When Food Cultures Collide How Mexico Came to Love the Cornish Pasty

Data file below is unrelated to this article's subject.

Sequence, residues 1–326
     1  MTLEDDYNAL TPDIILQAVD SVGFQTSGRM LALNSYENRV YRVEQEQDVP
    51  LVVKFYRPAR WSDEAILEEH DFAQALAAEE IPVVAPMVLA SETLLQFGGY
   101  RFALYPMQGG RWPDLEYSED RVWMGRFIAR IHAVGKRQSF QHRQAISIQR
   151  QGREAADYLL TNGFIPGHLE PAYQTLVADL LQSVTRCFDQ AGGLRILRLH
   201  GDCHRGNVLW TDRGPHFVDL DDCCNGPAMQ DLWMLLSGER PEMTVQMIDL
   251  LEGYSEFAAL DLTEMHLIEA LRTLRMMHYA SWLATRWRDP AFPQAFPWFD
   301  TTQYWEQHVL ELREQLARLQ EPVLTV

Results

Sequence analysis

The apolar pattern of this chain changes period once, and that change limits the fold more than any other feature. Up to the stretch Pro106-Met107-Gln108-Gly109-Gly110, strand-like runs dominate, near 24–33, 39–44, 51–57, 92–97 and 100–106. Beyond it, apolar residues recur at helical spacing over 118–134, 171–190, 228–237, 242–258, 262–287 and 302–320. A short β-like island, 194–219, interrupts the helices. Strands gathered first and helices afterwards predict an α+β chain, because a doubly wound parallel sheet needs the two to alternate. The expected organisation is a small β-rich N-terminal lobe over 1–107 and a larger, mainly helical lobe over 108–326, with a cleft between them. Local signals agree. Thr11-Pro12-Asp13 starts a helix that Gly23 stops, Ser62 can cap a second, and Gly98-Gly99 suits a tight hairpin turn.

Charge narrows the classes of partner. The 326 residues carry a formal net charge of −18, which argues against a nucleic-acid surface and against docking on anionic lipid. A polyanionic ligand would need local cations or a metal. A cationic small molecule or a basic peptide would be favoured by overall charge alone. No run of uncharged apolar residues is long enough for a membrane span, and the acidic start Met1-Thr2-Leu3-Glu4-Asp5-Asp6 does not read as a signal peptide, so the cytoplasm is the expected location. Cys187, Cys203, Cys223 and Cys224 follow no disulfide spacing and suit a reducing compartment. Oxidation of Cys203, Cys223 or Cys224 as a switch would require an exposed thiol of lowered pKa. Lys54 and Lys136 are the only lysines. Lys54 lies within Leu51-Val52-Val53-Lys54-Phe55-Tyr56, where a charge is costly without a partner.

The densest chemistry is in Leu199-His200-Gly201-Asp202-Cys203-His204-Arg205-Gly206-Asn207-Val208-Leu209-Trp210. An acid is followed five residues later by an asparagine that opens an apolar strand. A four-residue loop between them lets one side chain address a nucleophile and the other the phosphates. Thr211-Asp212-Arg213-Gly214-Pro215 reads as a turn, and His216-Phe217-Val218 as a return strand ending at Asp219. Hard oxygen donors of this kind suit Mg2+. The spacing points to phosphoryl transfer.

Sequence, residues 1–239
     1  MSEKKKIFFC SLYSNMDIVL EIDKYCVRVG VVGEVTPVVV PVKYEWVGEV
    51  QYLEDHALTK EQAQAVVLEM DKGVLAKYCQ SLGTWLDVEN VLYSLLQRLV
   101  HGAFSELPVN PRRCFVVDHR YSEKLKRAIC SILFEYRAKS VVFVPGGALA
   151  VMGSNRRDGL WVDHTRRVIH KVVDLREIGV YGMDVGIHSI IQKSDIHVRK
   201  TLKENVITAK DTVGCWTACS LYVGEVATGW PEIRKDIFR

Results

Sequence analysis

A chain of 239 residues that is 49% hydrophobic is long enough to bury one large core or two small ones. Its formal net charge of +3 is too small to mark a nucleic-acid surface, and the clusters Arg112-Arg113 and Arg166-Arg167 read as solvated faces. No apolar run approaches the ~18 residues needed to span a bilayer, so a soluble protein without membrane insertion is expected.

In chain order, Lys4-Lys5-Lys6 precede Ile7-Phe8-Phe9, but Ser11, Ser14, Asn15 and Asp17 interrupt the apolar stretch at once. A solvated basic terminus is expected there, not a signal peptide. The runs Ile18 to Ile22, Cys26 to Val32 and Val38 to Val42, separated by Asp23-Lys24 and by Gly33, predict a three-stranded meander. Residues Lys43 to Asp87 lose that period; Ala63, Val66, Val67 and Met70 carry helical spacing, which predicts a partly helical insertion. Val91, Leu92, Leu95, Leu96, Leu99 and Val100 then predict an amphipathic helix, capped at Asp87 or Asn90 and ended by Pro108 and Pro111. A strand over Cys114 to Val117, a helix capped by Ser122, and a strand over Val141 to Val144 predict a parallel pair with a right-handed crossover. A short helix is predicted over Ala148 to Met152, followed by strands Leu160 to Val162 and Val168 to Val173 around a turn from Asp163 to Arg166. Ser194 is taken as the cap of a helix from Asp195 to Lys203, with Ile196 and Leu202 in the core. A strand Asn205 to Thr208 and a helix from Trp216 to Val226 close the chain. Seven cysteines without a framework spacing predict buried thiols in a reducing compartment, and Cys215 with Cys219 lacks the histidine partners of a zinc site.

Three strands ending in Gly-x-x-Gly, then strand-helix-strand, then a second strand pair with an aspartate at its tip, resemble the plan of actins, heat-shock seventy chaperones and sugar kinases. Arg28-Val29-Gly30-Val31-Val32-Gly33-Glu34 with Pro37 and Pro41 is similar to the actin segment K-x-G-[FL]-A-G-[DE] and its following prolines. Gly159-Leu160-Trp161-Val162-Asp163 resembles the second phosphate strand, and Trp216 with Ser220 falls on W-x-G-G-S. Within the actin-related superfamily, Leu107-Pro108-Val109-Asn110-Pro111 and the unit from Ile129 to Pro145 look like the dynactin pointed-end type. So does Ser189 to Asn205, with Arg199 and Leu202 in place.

first_imgIn 2009 the first annual Festival Internacional del Paste (International Pasty Festival) was held in Real Del Monte, Hidalgo in Mexico. Three years later, the festival was attracting thousands of visitors and had become such a hit with locals that they decided to open the world’s first Cornish Pasty Museum.The classic Cornish Pasty had come a long way from its original home in Cornwall, United Kingdom, where it developed in the tin mining communities as a hearty lunch in it’s own robust package. Pastry was folded into large D-shaped pockets and stuffed with beef, turnips or swedes (rutabagas), potatoes and onions. The crimped edge was designed to be held by dirty hands during a lunch break down in the mine, and this solid crust was often discarded rather than eaten. The pasty became a Cornish community staple.A Cornish Pasty made by Warrens. Photo by David Johnson CC BY-SA 3.0In the 19th century, the British pastry lovers traveled from their home near the Celtic Sea to North America. There, they founded Cornish mining towns in places like Wisconsin, Pennsylvania, Michigan, Illinois, Montana, South Dakota, Arizona, Utah, Nevada, Colorado, and California.An engraving of Cornish miners, 1866.The Cornish miners brought their culture with them, including their love for their traditional Cornish pasty and the British sport of football (soccer). But what the Cornish miners brought to the city of Real Del Monte was truly remarkable, especially for the Mexican locals.Cornish pasties in the oven. Photo by Visitor7 CC BY-SA 3.0The mines of Real Del Monte had been a bountiful source of silver during the three centuries that Spain ruled Mexico (1521 to 1821). But by 1824, the mines were flooded, and the once prosperous city of was feeling the pinch.That’s when a group of English investors bought the mines, formed the Company of the Gentlemen Adventurers, and invited more than 130 mining engineers from Cornwall to resurrect the great mining project.Acosta Mine (Museum) in Real del Monte, Hidalgo State, Mexico.While many of these miners died of yellow fever shortly after disembarking in Veracruz, the rest finally arrived in Real Del Monte to resurrect the mining industry.They pulled Cornish steam engines through rainforests and marshes, drained the water from the Real Del Monte mines, and used their technology and experience to repair and “upgrade” the silver mines.Monument to the Miner in Real de Monte Photo by Richardth -CC BY-SA 3.0The first wave of Cornish miners and engineers were followed by many others, and by the 1840s over 300 of them were working in the Real Del Monte mines.A town in Mexico has banded together to make the worlds biggest Cornish pastyIn the 1830s and 1840s, up to 350 Cornish immigrants were working in the surrounding mines. Some of them returned to the United Kingdom, but many of the miners stayed in Mexico.The Cornish mining intervention brought more than modern technology and economic prosperity to the region. The Mexican people also fell in love with the Cornish pasty and with the Cornish game of football.Cornish pasty shop in Real del Monte.Since becoming a Mexican favorite, the dish (which they call “Paste”) has been tweaked to include peppers, hot chili sauce, chicken, and pineapples. It is often washed down with pulche — a local hooch made from the leaves of the Agave Cactus.Read another story from us: Dangerous Brew: Coffee Drinkers Lost their Head under this Sultan’s RuleThe 2011 grand opening of the Cornish Pasty Museum was led by five expert Mexican bakers who traveled to Cornwall, United Kingdom, to master the art of crimping and shaping the pasty crust.In 2015, Oxford businessman Malcolm Ball pledged to create “Planet Hollywood with a Cornish twist” by opening a second Cornish Pasty Museum in Britain, where the famous recipe was conceived.last_img read more

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